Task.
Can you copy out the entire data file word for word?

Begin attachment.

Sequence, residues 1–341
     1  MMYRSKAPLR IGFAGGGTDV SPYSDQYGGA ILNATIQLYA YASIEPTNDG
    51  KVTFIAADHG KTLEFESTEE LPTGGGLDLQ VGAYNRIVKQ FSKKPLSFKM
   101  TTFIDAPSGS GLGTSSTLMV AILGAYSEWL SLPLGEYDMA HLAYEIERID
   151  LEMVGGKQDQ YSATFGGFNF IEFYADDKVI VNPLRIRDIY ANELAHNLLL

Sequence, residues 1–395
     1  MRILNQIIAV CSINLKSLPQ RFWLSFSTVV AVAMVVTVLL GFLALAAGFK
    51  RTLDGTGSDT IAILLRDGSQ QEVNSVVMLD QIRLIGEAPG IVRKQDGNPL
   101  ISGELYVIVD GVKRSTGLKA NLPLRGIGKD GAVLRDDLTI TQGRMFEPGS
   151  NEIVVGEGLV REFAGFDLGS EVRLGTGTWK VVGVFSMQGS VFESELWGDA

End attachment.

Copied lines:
Sequence, residues 1–341
     1  MMYRSKAPLR IGFAGGGTDV SPYSDQYGGA ILNATIQLYA YASIEPTNDG
    51  KVTFIAADHG KTLEFESTEE LPTGGGLDLQ VGAYNRIVKQ FSKKPLSFKM
   101  TTFIDAPSGS GLGTSSTLMV AILGAYSEWL SLPLGEYDMA HLAYEIERID
   151  LEMVGGKQDQ YSATFGGFNF IEFYADDKVI VNPLRIRDIY ANELAHNLLL

Sequence, residues 1–395
     1  MRILNQIIAV CSINLKSLPQ RFWLSFSTVV AVAMVVTVLL GFLALAAGFK
    51  RTLDGTGSDT IAILLRDGSQ QEVNSVVMLD QIRLIGEAPG IVRKQDGNPL
   101  ISGELYVIVD GVKRSTGLKA NLPLRGIGKD GAVLRDDLTI TQGRMFEPGS
   151  NEIVVGEGLV REFAGFDLGS EVRLGTGTWK VVGVFSMQGS VFESELWGDA